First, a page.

Child abuse can have a lifelong impact on a child’s physical and mental health.
Some of the effects child abuse can have include.
Harm experienced in childhood can have significant and lasting effects and children can respond differently to what has occurred.
Children may experience a range of emotional, psychological and physical problems as a result of being harmed, including:
1. low self esteem
2. increased fear, guilt and self-blame
3. distrust of adults or difficulty forming relationships with others
4. disrupted attachments with those who are meant to keep them safe
5. mental health disorders such as anxiety, attachment, post-traumatic stress and depression disorders
6. self-harming or suicidal thoughts
7. learning disorders, including poor language and cognitive development
8. developmental delay, eating disorders and physical ailments
9. permanent physical injuries or death
10. violent, aggressive or criminal behaviour or other behavioural problems
11. drug and alcohol abuse and high-risk sexual behaviour.
12. negative effects on a child’s health, relationships and education
13. adults who were abused as children may find it harder to cope with life's stresses, get a good job, or be a good parent
15. mental health problems, drug or alcohol issues, criminal behaviour – or showing signs of harmful behaviour themselves.
It should be noted that for some children who have been abused, the impacts will not be evident in their behaviour.
Child abuse can have a devastating effect on a child’s beliefs, self-esteem, development and ability to function. Abuse often occurs repeatedly and involves more than one type, resulting in lifelong complications to a child’s mental and physical health.
The physical, emotional, and psychological effects of abuse on children and young adults may include the following:
Physical child abuse may result in minor injuries such as bruises or abrasions, or severe injuries such deep lacerations, broken bones, or internal bleeding. These physical injuries can also result in long-term emotional damage.
The impact on a child’s mental health can persist well into adulthood. Child abuse can result in mental health conditions such as post-traumatic stress disorder (PTSD), attention deficit hyperactivity disorder (ADHD), anxiety, depression, and other mood disorders.
Trauma from child abuse can result in the child having issues with trust, behavior, communication, and relationships. Victims may be aggressive, violent, and prone to drug and alcohol abuse or suicidal thoughts. They may have difficulty learning or holding onto a job. They may also deal with anxiety and constant fear.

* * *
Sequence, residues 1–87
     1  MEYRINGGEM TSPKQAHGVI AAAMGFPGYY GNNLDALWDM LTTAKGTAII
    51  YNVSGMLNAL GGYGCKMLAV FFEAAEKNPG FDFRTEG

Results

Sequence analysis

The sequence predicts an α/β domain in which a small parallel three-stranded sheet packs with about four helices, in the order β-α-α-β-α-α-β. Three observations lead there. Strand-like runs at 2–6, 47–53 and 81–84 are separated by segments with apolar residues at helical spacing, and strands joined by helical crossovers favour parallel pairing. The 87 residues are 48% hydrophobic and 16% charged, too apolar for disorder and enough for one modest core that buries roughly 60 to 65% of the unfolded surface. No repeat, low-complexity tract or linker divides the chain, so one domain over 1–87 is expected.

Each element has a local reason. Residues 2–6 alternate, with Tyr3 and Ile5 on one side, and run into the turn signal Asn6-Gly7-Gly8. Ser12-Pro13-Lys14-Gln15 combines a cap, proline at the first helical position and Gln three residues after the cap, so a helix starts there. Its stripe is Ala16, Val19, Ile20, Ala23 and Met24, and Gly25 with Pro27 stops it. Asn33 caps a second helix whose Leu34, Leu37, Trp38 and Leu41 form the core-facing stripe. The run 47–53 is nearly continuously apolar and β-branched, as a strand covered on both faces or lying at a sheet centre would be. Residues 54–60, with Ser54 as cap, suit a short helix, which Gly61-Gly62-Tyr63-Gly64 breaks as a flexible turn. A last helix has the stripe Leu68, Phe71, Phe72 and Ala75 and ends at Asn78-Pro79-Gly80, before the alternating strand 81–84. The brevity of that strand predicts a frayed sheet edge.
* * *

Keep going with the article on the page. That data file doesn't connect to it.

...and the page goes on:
Child abuse can affect a child’s brain development and cognitive abilities, causing difficulties with speech and language. Victims may have learning disorders or regression of skills or development.
Children who are abused and neglected are often fearful and have trust issues. They may have difficulty communicating and maintaining relationships. They may be insecure, anxious, aggressive, withdrawn, or clingy.
Child abuse can lead to behavioral issues during childhood and young adulthood. Victims may have emotional outbursts, changes in mood, changes in behavior, sadness, withdrawal, aggressiveness, violence, hyperactivity, bed-wetting, low self-esteem, etc. Some of these behaviors can continue into adulthood.
How Child Chapter working to support children
It’s never too late to help a child. Child abuse and its effects are preventable. We can work together to stop abuse happening and support children who have been abused.
If we work together to stop abuse happening and provide support to children who have been abused, we can turn things around for a child at any stage of their development - so they can go on to lead happy and fulfilling lives.
Child abuse can take many forms. It can be emotional, physical, sexual or neglect. And it can happen to any child, in any family, in any place or online.
Abuse often happens over a period of time, rather than as a one-off event, and can have a devastating effect on a child's development and society as a whole.
Our services support children and families throughout the country.
We help children to recover from abuse and get their lives back on track.
Support for families
We equip parents and carers with the knowledge, skills and support they need to protect their children from abuse.
Child Abuse Helpline
We run our Child Abuse helpline for any concerned child to turn to for confidential support.
We teach children that abuse is never their fault, and they can always speak out and get help.